Concert Choir and Girls’ Ensemble Perform in NYC


Choral singing is the quintessence of music. While at a surface level a choir may just appear to be an organized group of singers, at a deeper level, a choir is a group of friends, all devoted to singing, who come together to create musical brilliance and magnificence. The Cherokee Concert Choir and Girls’ Ensemble discovered this alternate definition of “choir” when they performed at the Cathedral of Saint John the Divine in New York City for composer Ola Gjeilo on January 21.

At 10:30 A.M. the morning of the 21, the sixty-four members of Cherokee’s Concert Choir and Girls’ Ensemble arrived at Cherokee High School to board a bus for New York City. The bus, as can be expected, was a typical yellow school bus. The unextraordinary nature of the school bus was analogous to the expectations many choir members had for the day. Yet, when the bus pulled up to the Cathedral of Saint John the Divine after a 2 hour bus ride, most members began to understand the gravitas of the day which lay ahead. According to Girls’ Ensemble member Natasha Watts, “[The Cathedral] was one of the most extraordinary sights she had ever seen.” Choir member Sophia Fortuna remarked about how she “climbed a set of narrow stairs to a set of balconies far above the Cathedral floor and was taken aback by the beauty surrounding her.” The awe created by the Cathedral was a sentiment echoed by nearly all choir members and helped set the tone for the day.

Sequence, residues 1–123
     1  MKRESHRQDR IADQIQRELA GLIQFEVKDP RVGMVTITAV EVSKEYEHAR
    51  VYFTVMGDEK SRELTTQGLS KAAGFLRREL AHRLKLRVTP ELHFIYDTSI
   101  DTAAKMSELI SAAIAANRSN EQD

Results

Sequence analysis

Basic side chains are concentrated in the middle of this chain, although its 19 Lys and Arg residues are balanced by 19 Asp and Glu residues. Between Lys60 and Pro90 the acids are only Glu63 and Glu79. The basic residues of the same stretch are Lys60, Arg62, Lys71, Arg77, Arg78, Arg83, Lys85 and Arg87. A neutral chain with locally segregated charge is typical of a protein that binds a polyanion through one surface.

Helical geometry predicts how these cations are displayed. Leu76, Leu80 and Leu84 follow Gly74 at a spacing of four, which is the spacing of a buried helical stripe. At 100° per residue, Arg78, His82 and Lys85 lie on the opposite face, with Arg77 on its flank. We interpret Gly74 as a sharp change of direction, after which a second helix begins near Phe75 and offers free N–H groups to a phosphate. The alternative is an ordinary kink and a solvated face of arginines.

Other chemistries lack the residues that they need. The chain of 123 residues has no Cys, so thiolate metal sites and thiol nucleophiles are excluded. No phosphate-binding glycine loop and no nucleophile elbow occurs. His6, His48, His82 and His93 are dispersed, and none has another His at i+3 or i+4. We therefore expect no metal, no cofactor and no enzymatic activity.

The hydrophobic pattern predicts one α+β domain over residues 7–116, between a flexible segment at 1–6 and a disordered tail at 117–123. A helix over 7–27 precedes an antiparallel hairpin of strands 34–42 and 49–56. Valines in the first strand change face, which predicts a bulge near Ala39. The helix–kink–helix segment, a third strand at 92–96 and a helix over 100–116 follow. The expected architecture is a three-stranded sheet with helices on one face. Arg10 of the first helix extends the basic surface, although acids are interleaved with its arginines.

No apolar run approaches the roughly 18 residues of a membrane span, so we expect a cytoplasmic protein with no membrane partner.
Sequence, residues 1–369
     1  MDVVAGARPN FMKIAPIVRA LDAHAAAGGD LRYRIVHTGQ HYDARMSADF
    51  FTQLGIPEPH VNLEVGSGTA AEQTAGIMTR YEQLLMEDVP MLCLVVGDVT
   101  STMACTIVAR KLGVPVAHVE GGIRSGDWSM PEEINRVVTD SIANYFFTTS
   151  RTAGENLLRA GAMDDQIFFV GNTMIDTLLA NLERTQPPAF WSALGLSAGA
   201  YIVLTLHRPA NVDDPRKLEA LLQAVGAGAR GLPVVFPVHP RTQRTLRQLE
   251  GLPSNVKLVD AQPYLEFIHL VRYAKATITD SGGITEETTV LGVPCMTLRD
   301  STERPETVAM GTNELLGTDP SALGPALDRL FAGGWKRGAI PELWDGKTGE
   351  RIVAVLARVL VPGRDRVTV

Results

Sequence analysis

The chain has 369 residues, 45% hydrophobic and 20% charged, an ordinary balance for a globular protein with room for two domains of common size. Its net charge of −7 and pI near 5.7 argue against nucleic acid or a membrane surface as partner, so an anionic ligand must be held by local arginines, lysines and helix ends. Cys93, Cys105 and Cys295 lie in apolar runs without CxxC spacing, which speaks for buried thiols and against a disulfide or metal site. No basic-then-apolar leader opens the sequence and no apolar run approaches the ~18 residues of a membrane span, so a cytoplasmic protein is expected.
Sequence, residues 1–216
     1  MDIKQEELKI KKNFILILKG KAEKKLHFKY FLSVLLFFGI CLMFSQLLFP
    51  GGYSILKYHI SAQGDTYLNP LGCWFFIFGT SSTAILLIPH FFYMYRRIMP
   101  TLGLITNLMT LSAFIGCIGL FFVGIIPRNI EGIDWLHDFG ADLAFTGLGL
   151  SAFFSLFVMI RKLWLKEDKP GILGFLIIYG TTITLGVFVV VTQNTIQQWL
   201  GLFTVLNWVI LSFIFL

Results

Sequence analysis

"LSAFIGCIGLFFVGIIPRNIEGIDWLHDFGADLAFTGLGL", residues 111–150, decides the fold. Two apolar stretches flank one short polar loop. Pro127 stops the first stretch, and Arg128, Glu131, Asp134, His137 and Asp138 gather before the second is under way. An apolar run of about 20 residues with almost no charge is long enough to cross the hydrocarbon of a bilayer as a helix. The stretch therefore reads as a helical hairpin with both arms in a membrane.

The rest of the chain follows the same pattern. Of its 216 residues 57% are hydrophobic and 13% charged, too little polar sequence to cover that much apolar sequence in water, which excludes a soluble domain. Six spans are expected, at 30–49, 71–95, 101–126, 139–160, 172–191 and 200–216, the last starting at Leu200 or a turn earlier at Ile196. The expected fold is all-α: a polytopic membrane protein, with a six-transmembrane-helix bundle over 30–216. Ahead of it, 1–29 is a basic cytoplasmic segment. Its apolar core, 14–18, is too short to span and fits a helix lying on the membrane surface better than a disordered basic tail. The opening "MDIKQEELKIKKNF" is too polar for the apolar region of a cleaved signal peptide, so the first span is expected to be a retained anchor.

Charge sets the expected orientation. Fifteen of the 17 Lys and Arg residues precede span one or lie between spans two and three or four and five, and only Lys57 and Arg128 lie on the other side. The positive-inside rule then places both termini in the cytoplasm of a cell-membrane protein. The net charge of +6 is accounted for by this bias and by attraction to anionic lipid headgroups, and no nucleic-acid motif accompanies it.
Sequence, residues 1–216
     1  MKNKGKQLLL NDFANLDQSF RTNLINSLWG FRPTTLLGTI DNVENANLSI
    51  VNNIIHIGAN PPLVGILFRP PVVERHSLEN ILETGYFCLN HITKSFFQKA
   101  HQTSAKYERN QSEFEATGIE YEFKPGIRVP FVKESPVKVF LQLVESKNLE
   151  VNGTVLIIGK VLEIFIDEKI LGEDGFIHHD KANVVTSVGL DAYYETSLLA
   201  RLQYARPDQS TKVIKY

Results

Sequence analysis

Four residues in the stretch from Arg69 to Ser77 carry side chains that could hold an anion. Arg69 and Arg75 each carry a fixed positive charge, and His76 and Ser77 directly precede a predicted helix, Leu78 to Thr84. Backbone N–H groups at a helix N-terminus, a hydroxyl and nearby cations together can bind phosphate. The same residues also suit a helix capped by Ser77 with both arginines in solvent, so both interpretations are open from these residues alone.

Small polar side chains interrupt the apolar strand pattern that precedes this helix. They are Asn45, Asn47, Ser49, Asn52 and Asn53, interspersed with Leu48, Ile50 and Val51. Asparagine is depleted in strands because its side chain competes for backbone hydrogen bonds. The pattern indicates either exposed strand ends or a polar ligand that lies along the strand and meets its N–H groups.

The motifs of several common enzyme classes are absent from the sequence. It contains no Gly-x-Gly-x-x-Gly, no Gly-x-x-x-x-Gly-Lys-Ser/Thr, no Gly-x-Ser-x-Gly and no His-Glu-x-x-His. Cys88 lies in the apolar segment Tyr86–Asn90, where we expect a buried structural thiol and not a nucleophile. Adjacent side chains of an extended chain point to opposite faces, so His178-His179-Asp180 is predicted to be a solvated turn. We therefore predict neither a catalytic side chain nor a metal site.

In their winter concert on Thursday, December 14, the Cherokee Concert choir performed two songs by the composer Ola Gjeilo, “The Ground” and “Ubi Caritas.” Girls’ Ensemble performed one song, “Tundra” and was in the process of rehearsing a second, “Seasons.” The ultimate purpose of this trip was to perform the pieces for the composer himself and to receive constructive criticism. The trip was fully planned by choral director Mrs. Nicole Snodgrass. After a series of applause as Ola Gjeilo entered the space in which the choirs were performing, Cherokee’s Girls’ Ensemble began their first song. As stated by choir member Justin Thach, “The acoustics were so pristine that numerous people were moved to tears.” This happened as a result of all four songs performed by the choirs. AJ Olt, a senior in Concert Choir, stated that “We work so hard to sound good in acoustically unsatisfying Cherokee, that we sound amazing when placed in an acoustically amazing place such as the Cathedral.”

While composer Ola Gjeilo did offer advice on how to fix the various pieces performed by the choirs, his awe at the high level ability demonstrated by both choirs is what truly set the trip apart for many. Gjeilo even went so far as to ask, “Are you sure you guys are high school students?” Eventually, not only did Gjeilo record our Concert Choir singing “Ubi Caritas,” but he improvised an accompaniment to the piece, on a piano played by Duke Ellington. This was a dream come true for choir director Mrs. Nicole Snodgrass and served to further the flow of tears from those listening. The experience, while originally planned as a spectacular opportunity for development, became a lesson in discovery. Both of Cherokee’s choirs discovered the power of their music and the power of their voices when put together.